As Republicans in Congress race to complete their work on an end-of-year spending package before the holidays, any attempt to reform or curtail President Obama’s plan to resettle 10,000 refugees from Syria and Iraq is being left on the legislative floor.
CQ Roll Call reports, “[a]controversial House-passed bill to restrict the resettlement of Iraqi and Syrian refugees will likely not be included in the final 2016 spending deal while a separate House-passed measure to order changes to the popular visa waiver program will be included.”
In the immediate aftermath of the terrorist attacks in Paris, the House passed legislation to strengthen background checks on Syrian and Iraqi refugees seeking entry into the country. Rep. Michael McCaul, Chair of the House Homeland Security Committee, said U.S. intelligence had determined that ISIS was seeking to infiltrate the refugee program.
The House legislation would have required three federal officials to verify to Congress that steps were being implemented to ensure terrorists wouldn’t use the refugee program to infiltrate the U.S. Reforming the refugee and visa program has taken on new urgency in the aftermath of the terrorist attack in San Bernardino.
One of the perpetrators of those attacks, Tashfeen Malik, had entered the U.S. on a fiancé visa and had not been properly vetted by national security agencies. It was revealed Monday that federal agents were barred from investigating Malik’s social media posts, a number of which contained statements of allegiance to ISIS.
House Republican Leadership, in the past few days, however, has back-tracked and will no longer push changes to Obama’s refugee program or curtail the number of visas available to enter the United States. Instead, Republican leaders will fully fund Obama’s plan to resettle Syrian and Iraqi refugees with no additional security requirements.
Republicans will also fully fund Obama’s plan to issue 170,000 green cards, migrant visas, and asylum grants to individuals from Muslim countries.
“The omnibus would put the U.S. on a path to approve admission for hundreds of thousands of migrants from a broad range of countries with jihadists movements over the next 12 months, on top of all the other autopilot annual immigration,” Sens. Jeff Sessions and Richard Shelby wrote in a “Dear Colleague” letter.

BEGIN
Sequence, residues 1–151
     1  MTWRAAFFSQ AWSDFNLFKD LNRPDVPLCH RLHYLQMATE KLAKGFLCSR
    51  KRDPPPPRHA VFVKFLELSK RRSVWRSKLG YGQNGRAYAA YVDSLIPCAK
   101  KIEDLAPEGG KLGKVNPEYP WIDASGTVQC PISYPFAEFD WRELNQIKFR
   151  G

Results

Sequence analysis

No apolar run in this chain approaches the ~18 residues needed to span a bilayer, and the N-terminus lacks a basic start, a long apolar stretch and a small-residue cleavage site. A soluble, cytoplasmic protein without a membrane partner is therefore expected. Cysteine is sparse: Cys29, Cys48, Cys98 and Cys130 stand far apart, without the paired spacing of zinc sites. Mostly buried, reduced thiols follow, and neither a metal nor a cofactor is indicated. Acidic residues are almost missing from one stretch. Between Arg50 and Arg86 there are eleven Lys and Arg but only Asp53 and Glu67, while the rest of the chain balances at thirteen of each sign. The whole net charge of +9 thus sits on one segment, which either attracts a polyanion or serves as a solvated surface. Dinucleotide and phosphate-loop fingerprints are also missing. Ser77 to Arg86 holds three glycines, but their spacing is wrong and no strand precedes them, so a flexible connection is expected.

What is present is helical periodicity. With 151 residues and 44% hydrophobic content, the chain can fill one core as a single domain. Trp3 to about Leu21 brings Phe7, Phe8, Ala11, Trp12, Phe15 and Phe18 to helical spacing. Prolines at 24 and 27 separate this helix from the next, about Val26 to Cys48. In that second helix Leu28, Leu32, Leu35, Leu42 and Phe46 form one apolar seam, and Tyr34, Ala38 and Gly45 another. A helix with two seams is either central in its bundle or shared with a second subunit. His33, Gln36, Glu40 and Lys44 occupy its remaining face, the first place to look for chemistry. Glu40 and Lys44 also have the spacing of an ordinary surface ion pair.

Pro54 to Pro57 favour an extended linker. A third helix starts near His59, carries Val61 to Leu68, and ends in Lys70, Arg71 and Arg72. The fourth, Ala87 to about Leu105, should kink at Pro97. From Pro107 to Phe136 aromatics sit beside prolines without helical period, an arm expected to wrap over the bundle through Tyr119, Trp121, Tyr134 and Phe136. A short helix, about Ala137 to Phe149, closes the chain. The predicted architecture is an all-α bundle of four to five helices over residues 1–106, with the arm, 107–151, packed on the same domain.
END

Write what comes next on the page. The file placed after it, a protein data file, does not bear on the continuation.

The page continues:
“In just the last year, refugees and other migrants admitted to the U.S. from Bosnia, Somalia, Sudan, Saudi Arabia, Uzbekistan, Kazakhstan, Ghana, Kuwait and Bangladesh have been implicated in terrorist activity,” Sen. Sessions and Sen. Ted Cruz said in a joint statement.
In Congressional testimony last week, officials from the Department of Homeland Security were unable to provide Congress with the number of Syrian refugees already in the U.S. nor the number of Americans who had attempted to travel to Syria to fight alongside ISIS. DHS officials were also unable to state how many people were in the country whose visa had expired.
“You can’t give us the number of people on expired visas? You have staff? Can they just call DHS so we get it before the hearing is over?” Rep. Ron DeSantis asked. “This should not be that difficult.”
“This is not inspiring a lot of confidence and I think a lot of questions have been raised instead of answered,” DeSantis added.
While these programs and the apparent security holes within them may raise questions, they will still be fully funded as they are, according to the Republican plan. Congress is eager to pass a final spending bill for the year and leave town for the holidays. A fight with Obama over the program would risk a government shutdown, as the White House has promised to veto any spending bill that didn’t fully fund his migrant and resettlement programs.
Republicans, it seems, would rather continue the existing programs, with their flaws, then risk a political fight over government spending.
Republicans are planning to add legislation that would make very modest changes to an existing visa waiver program. Currently, citizens from 38 countries, generally European and developed countries, can enter the U.S. temporarily without a visa.
Under the Republican plan, individuals from these countries would have to obtain a visa, if they had recently traveled to Syria, Iraq, Iran, or Sudan. It doesn’t block visas, but simply requires a visa application before entering the U.S.
The measure is so mild that it passed the House almost unanimously, with over 400 votes for approval. Legislation that makes substantive changes to the law rarely attracts near unanimous support.
The Republican modest change to visa waivers may make a good campaign ad and mask the party’s larger whiff on the critical refugee and migrant resettlement program. In the history of the world, though, campaign ads haven’t made the public safer.